Local case studies
The eruption of Mt. Nyiragongo on January 17, 2002 was predicted a week earlier by a local expert who had been watching the volcanoes for years. He informed the local authorities and a UN survey team was dispatched to the area; however, it was declared safe. Unfortunately, when the volcano erupted, 40% of the city of Goma was destroyed along with many people's livelihoods. The expert claimed that he had noticed small changes in the local relief and had monitored the eruption of a much smaller volcano two years earlier. Since he knew that these two volcanoes were connected by a small fissure, he knew that Mt. Nyiragongo would erupt soon.
British geologists have developed a method of predicting future eruptions of Mt. Etna. They have discovered that there is a time lag of 25 years between eventsmonitoring of deep crust events can help predict accurately what will happen in the years to come. So far they have predicted that between 2007 and 2015, volcanic activity will be half of what it was in 1972.
Sakurajima is possibly one of the most monitored areas on earth. The Sakurajima Volcano lies near Kagoshima City, which has a population of 500,000 people. Both the Japanese Meteorological Agency (JMA) and Kyoto University's Sakurajima Volcanological Observatory (SVO) monitors the volcano's activity. Since 1995, Sakurajima has only erupted from its summit with no release of lava.
Monitoring techniques at Sakurajima:
- Likely activity is signalled by swelling of the land around the volcano as magma below begins to build up. At Sakurajima, this is marked by a rise in the seabed in Kagoshima Bay – tide levels rise as a result.
- As magma begins to flow, melting and splitting base rock can be detected as volcanic earthquakes. At Sakurajima, they occur two to five kilometres beneath the surface. An underground observation tunnel is used to detect volcanic earthquakes more reliably.
- Groundwater levels begin to change, the temperature of hot springs may rise and the chemical composition and amount of gases released may alter. Temperature sensors are placed in bore holes which are used to detect ground water temp. Remote sensing is used on Sakurajima since the gases are highly toxic – the ratio of HCl gas to SO2 gas increases significantly shortly before an eruption.
- As an eruption approaches, tiltmeter systems measure minute movements of the mountain. Data is relayed in real-time to monitoring systems at SVO.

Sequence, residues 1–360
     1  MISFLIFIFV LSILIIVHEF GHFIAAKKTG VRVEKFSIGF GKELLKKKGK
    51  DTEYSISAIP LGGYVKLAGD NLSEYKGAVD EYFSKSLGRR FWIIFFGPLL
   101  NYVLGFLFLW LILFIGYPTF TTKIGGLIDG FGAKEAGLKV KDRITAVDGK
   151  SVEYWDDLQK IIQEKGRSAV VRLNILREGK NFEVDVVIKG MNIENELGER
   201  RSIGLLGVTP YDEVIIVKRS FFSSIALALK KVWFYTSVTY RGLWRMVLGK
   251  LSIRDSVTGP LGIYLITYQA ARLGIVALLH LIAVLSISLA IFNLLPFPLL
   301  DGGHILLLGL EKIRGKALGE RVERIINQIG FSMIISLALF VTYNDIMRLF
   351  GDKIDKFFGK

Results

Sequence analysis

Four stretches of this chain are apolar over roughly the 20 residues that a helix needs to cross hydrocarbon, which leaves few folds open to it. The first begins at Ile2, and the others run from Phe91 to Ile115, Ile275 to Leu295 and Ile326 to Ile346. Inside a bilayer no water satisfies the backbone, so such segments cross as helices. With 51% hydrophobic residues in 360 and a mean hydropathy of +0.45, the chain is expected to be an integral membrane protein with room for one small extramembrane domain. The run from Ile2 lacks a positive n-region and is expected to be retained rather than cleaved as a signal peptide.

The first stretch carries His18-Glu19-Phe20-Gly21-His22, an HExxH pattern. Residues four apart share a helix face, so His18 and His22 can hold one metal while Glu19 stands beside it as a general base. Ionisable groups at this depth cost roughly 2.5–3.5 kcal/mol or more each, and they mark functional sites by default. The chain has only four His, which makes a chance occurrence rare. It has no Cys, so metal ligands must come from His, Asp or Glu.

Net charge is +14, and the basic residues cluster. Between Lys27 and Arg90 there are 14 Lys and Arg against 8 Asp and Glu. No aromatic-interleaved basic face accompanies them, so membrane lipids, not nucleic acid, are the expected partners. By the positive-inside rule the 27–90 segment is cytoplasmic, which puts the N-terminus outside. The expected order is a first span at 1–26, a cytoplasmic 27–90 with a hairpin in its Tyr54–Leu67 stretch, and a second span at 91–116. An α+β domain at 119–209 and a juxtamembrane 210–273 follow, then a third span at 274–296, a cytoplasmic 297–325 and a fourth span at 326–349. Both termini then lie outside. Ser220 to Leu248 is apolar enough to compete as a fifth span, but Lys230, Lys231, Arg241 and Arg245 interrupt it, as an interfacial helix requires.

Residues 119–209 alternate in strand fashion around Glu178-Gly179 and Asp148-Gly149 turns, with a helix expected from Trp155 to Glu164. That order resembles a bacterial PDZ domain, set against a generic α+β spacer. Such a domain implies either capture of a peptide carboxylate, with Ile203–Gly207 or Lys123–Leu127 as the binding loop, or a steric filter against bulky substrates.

- Seismometers detect earthquakes which occur immediately beneath the crater, signaling the onset of the eruption. They occur 1 to 1.5 seconds before the explosion.
- With the passing of an explosion, the tiltmeter system records the settling of the volcano.
- Earthquake prediction
- Istituto Nazionale di Geofisica e Vulcanologia
- United States Geological Survey
- Bernard Chouet (28 March 1996) "Long-period volcano seismicity: its sources and use in eruption forecasting," Nature, vol. 380, no. 6572, pages 309-316.
- Interview with Bernard Chouet regarding his research into long-period events and volcanic eruptions: http://www.esi-topics.com/volcanoes/interviews/BernardChouet.html .
- U.S. TV program on use of long-period events to predict volcanic eruptions: "Nova: Volcano's Deadly Warning": http://www.pbs.org/wgbh/nova/volcano/ . See also "Volcano Hell" episode of BBC TV series "Horizon" on same subject: http://www.bbc.co.uk/science/horizon/2001/volcanohell.shtml .
- Modeling Crustal Deformation Near Active Faults and Volcanic Centers: A Catalog of Deformation Models United States Geological Survey
- Houlié, N., J.C. Komorowski, M. de Michele, M. Kasereka, H. Ciraba, Early detection of eruptive dykes revealed by Normalized Difference Vegetation Index (NDVI) on high-resolution satellite imagery, 246, 3-4, 231-240, Earth Planetary Science Letters, 10.1016/j.epsl.2006.03.039,link to paper (2006).
- Kirby, Alex (January 31, 2001). "Early warning for volcanic mudslides". BBC. Retrieved 2008-09-20.
- Staff. "WSSPC Awards in Excellence 2003 Award Recipients". Western States Seismic Policy Council. Retrieved 2008-09-03.[dead link]